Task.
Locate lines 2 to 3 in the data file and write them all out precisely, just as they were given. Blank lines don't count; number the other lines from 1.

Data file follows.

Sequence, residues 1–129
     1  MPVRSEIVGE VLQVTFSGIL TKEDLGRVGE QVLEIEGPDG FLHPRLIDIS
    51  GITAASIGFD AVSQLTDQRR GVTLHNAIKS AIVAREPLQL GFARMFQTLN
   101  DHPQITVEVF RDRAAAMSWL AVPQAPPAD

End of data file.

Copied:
     1  MPVRSEIVGE VLQVTFSGIL TKEDLGRVGE QVLEIEGPDG FLHPRLIDIS
    51  GITAASIGFD AVSQLTDQRR GVTLHNAIKS AIVAREPLQL GFARMFQTLN